Shostakovich: String Quartets Nos 4, 6 & 8

Shostakovich: String Quartets Nos 4, 6 & 8

St Petersburg String Quartet


After the St Petersburg Quartet's 'dazzling debut' on Hyperion with String Quartets 2 and 3 (CDA67153), this CD brings three further compelling recordings of the Shostakovich Quartets.

Quartet No 4 was written at a time when leading Soviet composers were having their music publicly denigrated for failing to appeal to 'the people'. Despite this condemnation, Shostakovich persevered with his composing and just delayed the premier until four years later. Whatever Shostakovich feared to express publicly at this time (1949), by 1956, the year of his Sixth Quartet, the political and cultural climate had improved. The works Shostakovich released following Stalin's death—the Fourth and Fifth Quartets, Violin Concerto, Tenth Symphony and Festive Overture—had altered the international perception of his art considerably.

1956 was the year of Shostakovich's fiftieth birthday, and the Sixth Quartet was written for a commemorative concert by the Beethoven Quartet. The event was, naturally, to be a pleasant one, and the music reflects, at least on the surface, the happiness as may be felt on such an occasion. Beneath the surface, however, we discern one of this composer's greatest and most original masterpieces.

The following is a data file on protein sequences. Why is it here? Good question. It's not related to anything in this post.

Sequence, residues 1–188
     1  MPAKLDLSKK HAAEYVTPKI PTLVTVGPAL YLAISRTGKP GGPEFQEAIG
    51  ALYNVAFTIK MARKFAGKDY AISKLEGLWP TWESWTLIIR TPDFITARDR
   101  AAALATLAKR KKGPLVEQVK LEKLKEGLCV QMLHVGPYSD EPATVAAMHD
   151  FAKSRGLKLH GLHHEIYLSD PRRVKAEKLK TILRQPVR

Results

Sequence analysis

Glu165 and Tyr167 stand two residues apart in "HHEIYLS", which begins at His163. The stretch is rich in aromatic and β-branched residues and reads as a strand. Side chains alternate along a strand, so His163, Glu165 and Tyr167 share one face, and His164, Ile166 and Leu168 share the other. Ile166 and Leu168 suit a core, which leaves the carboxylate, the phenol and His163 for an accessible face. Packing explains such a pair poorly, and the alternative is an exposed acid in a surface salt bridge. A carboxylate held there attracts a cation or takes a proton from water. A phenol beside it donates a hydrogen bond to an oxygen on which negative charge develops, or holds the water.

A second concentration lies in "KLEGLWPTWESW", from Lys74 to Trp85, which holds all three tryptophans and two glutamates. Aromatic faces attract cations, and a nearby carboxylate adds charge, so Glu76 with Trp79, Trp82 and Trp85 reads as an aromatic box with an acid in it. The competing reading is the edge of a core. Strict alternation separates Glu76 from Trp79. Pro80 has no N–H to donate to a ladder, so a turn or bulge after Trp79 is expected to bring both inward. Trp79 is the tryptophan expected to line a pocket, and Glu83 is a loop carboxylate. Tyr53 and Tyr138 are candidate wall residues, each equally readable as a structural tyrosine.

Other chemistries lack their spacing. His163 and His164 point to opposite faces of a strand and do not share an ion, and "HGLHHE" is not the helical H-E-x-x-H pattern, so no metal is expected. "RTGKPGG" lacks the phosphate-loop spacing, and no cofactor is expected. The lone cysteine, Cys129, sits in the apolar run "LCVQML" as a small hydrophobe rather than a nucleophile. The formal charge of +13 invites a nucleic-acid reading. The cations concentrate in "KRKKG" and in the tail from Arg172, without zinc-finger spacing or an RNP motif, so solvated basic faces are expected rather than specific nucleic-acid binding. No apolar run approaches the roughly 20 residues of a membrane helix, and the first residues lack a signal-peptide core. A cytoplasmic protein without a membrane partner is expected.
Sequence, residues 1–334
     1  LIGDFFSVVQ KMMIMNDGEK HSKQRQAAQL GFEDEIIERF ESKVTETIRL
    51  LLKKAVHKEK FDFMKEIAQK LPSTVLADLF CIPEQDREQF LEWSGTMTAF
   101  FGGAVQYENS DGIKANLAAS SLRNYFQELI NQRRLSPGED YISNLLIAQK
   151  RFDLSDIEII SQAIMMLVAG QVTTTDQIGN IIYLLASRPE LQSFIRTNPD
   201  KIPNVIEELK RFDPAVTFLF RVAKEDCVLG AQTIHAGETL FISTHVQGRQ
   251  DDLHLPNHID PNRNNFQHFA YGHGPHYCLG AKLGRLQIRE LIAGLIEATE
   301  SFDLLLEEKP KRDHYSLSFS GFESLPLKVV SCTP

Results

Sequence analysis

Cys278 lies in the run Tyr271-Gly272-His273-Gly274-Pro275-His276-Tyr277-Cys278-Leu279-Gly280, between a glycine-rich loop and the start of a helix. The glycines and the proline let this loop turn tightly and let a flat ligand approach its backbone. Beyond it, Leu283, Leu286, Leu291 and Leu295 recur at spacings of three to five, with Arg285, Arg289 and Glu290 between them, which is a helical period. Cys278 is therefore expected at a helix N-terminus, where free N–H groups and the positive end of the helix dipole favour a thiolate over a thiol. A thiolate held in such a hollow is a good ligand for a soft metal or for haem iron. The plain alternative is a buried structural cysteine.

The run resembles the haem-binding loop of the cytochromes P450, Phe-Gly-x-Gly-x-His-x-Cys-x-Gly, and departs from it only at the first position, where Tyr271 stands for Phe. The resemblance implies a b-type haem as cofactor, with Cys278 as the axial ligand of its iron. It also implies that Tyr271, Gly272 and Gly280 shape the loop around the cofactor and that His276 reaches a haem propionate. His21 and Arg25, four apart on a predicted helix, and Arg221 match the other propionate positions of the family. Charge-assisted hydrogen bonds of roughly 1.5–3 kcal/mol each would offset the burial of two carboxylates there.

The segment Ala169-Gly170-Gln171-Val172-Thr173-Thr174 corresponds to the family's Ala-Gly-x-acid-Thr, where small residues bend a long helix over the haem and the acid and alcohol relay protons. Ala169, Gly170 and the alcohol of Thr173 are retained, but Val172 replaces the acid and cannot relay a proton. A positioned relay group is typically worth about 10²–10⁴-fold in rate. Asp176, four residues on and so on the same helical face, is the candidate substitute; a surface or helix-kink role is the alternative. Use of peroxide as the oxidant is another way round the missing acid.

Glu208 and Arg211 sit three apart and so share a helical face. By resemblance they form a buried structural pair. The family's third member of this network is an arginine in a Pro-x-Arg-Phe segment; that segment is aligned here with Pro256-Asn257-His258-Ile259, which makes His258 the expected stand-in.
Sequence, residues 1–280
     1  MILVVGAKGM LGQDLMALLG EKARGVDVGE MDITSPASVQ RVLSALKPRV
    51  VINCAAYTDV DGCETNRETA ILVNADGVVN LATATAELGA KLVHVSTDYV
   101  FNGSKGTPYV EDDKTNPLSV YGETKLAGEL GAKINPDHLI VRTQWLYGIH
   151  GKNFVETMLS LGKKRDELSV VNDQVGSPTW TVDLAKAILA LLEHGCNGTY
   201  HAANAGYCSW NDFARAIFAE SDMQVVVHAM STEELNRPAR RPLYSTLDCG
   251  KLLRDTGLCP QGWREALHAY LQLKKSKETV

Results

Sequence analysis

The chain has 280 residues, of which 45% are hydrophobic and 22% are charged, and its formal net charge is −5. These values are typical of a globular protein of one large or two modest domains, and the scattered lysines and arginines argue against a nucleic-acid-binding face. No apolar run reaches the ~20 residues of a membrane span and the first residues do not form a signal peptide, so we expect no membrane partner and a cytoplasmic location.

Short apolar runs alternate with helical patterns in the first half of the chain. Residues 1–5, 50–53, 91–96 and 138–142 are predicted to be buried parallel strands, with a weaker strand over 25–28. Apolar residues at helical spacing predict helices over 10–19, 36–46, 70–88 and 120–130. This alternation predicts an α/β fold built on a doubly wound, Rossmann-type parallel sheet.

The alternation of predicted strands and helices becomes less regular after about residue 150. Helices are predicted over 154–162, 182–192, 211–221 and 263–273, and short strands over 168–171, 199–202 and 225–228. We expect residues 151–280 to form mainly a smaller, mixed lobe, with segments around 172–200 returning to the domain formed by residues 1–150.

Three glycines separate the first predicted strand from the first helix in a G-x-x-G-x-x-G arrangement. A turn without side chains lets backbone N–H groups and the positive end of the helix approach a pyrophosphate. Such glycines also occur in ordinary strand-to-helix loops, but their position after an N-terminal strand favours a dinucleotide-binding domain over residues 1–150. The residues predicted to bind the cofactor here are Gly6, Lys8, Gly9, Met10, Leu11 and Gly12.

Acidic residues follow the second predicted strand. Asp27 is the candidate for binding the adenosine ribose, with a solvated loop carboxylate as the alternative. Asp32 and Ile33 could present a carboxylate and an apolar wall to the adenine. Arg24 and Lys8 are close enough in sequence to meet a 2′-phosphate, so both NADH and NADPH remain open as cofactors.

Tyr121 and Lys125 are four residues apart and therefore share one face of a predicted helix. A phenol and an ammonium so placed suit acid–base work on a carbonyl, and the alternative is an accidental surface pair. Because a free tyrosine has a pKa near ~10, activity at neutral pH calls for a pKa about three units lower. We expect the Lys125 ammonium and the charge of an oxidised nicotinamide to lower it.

In July 1960, Shostakovich was in Dresden, in the then German Democratic Republic, writing the music for a film, Five Days, Five Nights. This was the first time Shostakovich had seen the remains of the city's bombardment, and the experience directly inspired his Eighth String Quartet, Op 110, which was written in just three days, July 12 to 14.

All of the music on this album is also available as part of the specially priced box set Shostakovich: The Complete String Quartets: ‘These players approach Shostakovich's mighty cycle with a natural authority that's unanswerable, along with tireless precision and virtuosity, plus a wonderful command of the music's way of switching between sunlight and shadow when you least expect it’ (Classic FM Magazine).

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